There is a fascinating intersection between the life of Barack Obama and the history of Martin Luther King Jr.
In 2008, candidate Obama accepted the Democratic nomination for the presidency on the anniversary of King’s historic "I Have a Dream" speech of 1963. And this year, the president’s second public inauguration falls on the very day the nation commemorates the 84th birthday of the slain civil rights leader.
Indeed, there is yet another powerful symbolic connection between the nation’s 44th president and the civil rights icon: Obama will take the oath of office with his hand upon King’s personal bible.
To many, Obama’s second inaugural — indeed, his entire presidency — represents a slice of the vision King spoke of in the memorable speech he delivered the night before he was shot. In that emotional address, King said that he had been allowed to go up to the mountain and to look over.
“And I've seen the Promised Land,” King said. “I may not get there with you. But I want you to know tonight, that we, as a people, will get to the Promised Land.”
The election and re-election of the nation’s first African-American president certainly represents a manifestation of the promise that King may well have forecast for the future of this country. After all, when King was born there was but one Black member of Congress: Oscar DePriest of Chicago. When King died, there was only modest improvement: five in Congress and one in the U.S. Senate: Edward Brooke of Massachusetts.
Today, in the age of Obama, there are more than 45 Black members of Congress and one in the Senate: Tim Scott of South Carolina. There are dozens of African-American state officials and mayors throughout the country. Black Americans routinely fill positions that would scarcely have been imaginable in King’s lifetime.
Yet, electoral successes are likely to have been just a small part of King’s mountaintop vision. Martin Luther King Jr., after all, led a life, particularly toward its end, providing attention and resources to the most marginalized of Americans: the poor, the unemployed.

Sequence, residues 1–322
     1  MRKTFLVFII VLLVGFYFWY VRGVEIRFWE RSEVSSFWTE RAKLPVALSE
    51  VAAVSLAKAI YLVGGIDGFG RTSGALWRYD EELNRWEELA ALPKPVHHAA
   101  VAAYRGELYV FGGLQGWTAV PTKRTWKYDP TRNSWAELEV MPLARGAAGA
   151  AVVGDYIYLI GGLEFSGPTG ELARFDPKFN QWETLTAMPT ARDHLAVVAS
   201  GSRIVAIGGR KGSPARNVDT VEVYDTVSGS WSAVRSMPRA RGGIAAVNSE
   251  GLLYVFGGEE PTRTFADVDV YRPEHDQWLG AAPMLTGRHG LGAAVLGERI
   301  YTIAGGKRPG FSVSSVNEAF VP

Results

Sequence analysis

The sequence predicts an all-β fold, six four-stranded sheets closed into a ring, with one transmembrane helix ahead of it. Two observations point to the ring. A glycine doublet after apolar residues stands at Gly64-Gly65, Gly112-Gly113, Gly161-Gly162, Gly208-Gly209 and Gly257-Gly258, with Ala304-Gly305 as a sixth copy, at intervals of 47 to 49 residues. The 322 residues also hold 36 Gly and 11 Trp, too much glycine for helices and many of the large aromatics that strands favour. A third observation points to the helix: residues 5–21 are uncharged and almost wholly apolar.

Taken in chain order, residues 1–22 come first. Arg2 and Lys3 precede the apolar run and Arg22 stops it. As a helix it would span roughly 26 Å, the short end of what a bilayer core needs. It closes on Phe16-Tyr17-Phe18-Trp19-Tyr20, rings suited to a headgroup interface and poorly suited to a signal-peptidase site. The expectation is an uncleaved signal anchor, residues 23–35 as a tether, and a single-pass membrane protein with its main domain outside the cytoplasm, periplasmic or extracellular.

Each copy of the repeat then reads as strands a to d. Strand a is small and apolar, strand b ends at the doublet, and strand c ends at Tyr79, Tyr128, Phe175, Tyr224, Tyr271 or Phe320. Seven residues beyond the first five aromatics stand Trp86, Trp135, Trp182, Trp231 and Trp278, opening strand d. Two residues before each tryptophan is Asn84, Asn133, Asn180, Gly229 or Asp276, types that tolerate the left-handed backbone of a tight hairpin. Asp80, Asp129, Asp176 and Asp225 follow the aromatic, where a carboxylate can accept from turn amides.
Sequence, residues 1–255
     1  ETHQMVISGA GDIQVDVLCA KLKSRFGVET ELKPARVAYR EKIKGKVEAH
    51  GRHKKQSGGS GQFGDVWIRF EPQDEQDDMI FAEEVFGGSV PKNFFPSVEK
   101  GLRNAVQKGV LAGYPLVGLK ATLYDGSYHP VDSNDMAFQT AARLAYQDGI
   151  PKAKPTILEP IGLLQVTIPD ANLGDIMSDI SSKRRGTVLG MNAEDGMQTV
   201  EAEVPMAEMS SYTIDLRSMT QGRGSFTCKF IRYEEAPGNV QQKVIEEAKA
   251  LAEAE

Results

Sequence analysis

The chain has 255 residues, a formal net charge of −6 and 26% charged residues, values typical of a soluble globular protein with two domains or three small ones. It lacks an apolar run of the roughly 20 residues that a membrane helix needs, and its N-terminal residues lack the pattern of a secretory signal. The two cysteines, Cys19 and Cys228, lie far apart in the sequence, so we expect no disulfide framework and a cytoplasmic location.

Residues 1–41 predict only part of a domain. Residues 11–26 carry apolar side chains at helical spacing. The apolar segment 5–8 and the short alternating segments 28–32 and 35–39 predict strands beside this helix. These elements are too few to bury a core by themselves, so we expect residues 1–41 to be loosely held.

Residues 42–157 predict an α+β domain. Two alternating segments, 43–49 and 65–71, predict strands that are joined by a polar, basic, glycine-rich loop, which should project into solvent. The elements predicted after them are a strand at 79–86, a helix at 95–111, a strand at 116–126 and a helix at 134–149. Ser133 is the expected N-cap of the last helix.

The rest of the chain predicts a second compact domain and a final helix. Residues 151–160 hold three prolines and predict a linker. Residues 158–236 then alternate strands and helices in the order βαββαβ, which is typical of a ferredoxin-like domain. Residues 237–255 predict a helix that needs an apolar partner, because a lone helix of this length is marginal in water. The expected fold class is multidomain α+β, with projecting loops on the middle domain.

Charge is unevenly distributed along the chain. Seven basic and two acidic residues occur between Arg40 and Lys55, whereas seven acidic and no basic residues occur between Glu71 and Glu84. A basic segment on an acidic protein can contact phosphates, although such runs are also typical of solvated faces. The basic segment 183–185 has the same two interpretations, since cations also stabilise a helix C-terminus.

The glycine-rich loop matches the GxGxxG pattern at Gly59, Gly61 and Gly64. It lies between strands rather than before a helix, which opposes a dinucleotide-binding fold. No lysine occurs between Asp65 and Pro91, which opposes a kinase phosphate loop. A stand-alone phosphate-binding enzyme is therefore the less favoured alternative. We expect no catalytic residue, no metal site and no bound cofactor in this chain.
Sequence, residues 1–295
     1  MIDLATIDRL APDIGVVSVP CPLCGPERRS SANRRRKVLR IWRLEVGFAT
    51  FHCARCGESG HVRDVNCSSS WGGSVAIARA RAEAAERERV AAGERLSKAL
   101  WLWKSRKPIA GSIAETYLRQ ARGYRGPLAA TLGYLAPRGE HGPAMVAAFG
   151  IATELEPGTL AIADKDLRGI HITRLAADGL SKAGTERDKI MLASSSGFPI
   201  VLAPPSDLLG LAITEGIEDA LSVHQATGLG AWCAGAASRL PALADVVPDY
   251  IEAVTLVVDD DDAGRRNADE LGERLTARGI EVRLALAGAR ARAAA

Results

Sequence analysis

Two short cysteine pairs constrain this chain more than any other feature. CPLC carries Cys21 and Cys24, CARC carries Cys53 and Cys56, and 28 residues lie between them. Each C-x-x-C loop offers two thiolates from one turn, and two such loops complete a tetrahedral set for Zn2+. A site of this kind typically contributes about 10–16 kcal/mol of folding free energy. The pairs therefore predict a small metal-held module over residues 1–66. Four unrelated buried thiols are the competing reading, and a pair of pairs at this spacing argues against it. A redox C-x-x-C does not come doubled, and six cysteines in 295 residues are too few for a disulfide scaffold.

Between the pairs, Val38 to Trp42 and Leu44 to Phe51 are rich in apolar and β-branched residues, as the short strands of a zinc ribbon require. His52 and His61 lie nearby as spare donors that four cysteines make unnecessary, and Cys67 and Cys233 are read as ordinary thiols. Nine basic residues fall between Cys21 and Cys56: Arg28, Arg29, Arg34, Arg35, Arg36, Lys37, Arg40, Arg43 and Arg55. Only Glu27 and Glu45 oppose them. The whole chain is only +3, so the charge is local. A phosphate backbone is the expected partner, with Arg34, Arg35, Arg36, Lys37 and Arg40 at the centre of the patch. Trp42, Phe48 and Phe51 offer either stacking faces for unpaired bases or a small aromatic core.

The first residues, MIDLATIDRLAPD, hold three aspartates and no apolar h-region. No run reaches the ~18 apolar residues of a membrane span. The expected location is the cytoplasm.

And that is where one hopes the president will view his intersection with King as something of a relay. Clearly, Obama has already addressed the needs of Americans who have not had adequate health care coverage, which has been a particularly chronic problem in African-American communities.
Similarly, he has rightly condemned wars that take American lives in areas of the world where the United States has no business sending its troops. That certainly speaks of the vision of King, who was pilloried by Americans of all colors and ethnicities in his lifetime for his outspoken criticism of the Vietnam War.
But, to rightly take on the mantle of King, to have this intersection truly speak volumes, the president must do more. Foremost on that list is a meaningful plan to reduce the continued staggering rate of unemployment among Blacks and Latinos. Reducing unemployment and poverty is the cause for which King fought when he was gunned down on that April evening in 1968.
Hopefully, the president will not rest his hand on that King bible as just a symbolic homage to the man whose national holiday is celebrated on Inauguration Day 2013. One hopes he will be energized by the principles of the man who carried that book of scripture — and to be galvanized by a spirit to energetically, unapologetically take on new frontiers for the very Americans so dear to King’s heart.
The opinions expressed here do not necessarily reflect those of BET Networks.
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(Photo: AP Photo, File)